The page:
3rd (76th): Eric Rowe, S, Utah. With middle linebacker being a perennial need for the Vikings, I was hoping that TCU’s Paul Dawson would still be on the board here. He went a few picks earlier, though. But Rowe was still available, and he is an intriguing player. He was measured at 6-foot-1 at the combine and he was a top performer among defensive backs at every combine drill. He played cornerback last year, but he had been a safety before then. As I wrote for Tuesday’s newspaper, it has become difficult to find a good safety in the draft, but Rowe may have the skills to grow into one.
4th (110th): David Johnson, RB, Northern Iowa. Spielman is on the record as saying that he feels this is a really deep, talented class of running backs. I have been saying for several weeks now that I don’t believe the Vikings will trade Adrian Peterson. But that probably won’t keep them from taking a talented young back like Johnson, whom the Vikings reportedly hosted at Winter Park for a pre-draft visit. Johnson is 6-foot-1 and he tipped the scales at 224 pounds at the scouting combine. He impressed in drills there, too. In theory, he could be groomed to one day help replace Peterson.
5th (137th): Lynden Trail, DE, Norfolk State. At 6-foot-7 and 269 pounds, and with arms that are nearly 35 inches long, Trail looks a lot like the kind of defensive ends Zimmer had with the Bengals, including Michael Johnson, the free agent they failed to woo last month. Trail is said to be a raw prospect, and there are questions about how he will transition from small-school Norfolk State, where he had 19.5 sacks in three seasons. The Vikings, who also had Trail in for a Winter Park visit, need reinforcements at defensive end, and he might be a project worth taking on for Zimmer.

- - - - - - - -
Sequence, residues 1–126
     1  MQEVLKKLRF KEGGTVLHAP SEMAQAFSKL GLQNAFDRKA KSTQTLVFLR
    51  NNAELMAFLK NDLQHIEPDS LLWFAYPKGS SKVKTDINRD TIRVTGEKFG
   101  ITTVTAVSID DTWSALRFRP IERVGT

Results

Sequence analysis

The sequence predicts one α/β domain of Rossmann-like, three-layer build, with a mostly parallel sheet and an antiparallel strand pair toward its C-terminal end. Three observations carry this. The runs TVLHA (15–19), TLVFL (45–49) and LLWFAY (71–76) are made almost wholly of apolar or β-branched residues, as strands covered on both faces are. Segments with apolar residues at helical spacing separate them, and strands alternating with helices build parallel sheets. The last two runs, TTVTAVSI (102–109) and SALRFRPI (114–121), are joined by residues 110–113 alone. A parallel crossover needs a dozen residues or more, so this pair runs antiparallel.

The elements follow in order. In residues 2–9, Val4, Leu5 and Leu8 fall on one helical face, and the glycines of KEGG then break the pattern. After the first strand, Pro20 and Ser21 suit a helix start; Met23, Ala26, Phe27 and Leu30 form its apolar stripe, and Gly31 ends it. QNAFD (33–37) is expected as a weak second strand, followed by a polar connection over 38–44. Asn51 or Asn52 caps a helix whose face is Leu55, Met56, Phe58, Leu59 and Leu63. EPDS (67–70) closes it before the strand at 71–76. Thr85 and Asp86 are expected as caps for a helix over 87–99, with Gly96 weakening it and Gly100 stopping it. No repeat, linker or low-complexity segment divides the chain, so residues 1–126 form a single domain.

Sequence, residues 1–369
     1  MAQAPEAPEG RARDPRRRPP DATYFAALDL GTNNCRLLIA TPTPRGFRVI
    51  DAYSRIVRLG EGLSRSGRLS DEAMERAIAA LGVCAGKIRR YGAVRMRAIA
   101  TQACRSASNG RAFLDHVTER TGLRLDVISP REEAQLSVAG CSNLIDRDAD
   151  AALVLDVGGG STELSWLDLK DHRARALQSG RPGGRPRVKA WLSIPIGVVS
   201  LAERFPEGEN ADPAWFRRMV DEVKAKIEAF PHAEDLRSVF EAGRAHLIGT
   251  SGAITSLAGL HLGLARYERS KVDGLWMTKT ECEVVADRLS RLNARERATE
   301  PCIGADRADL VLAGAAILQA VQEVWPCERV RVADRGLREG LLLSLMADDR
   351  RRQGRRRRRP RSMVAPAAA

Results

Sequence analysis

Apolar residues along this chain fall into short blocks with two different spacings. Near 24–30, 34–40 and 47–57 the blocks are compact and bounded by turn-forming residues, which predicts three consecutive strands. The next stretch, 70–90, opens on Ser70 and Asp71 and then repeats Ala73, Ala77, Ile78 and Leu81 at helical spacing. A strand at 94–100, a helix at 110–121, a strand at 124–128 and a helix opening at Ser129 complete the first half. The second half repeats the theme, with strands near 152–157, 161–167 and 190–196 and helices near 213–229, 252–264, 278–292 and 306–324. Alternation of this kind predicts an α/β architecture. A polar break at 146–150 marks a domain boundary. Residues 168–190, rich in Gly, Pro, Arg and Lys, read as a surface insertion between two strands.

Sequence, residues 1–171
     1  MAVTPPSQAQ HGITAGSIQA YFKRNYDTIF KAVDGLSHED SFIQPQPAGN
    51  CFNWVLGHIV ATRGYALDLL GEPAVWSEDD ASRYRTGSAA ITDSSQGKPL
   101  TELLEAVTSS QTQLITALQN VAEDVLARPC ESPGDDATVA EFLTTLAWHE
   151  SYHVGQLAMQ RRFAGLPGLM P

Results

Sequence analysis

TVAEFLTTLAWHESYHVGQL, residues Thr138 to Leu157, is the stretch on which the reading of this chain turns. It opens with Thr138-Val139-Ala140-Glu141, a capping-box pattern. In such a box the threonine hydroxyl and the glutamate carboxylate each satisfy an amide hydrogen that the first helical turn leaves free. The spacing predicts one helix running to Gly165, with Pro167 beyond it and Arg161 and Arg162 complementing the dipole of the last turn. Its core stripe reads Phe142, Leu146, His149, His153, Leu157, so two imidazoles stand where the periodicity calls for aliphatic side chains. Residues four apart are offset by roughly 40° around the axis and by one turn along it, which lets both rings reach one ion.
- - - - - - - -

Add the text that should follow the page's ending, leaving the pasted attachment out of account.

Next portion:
7th (228th): Amarlo Herrera, MLB, Georgia. I would have liked to address this need sooner, but after the second round of the draft the talent there really dropped off. Zimmer might feel the same way, too. At the combine, he remarked that it wasn’t a great class for middle linebackers, especially ones that can play all three downs. Herrera isn’t the fastest or most athletic prospect, and he’s a little short, but he is a smart, instinctive player who reportedly lined up the Bulldogs defense last season. He has some coverage ability, too, so perhaps he could develop into a three-down player.
7th (232nd): Austin Hill, WR, Arizona. This is another need I would have liked to have gotten to earlier, especially with such a deep, talented group of receivers. Alas, you can’t get to every need unless you make trades and move around the draft, something Spielman will try to do but I couldn’t in this trade-free mock draft. Hill is an interesting prospect. He is 6-foot-3 and 212 pounds, and the Vikings lack a receiver with his size. He missed all of 2013 with a torn ACL and his 2014 numbers weren’t close to his 2012 numbers. But it’s worth taking a flyer late on a receiver with his skill set.
Your turn. Use the draft simulator I linked to above and post your seven-round mock below.
Rejoice! The NFL draft is finally upon us.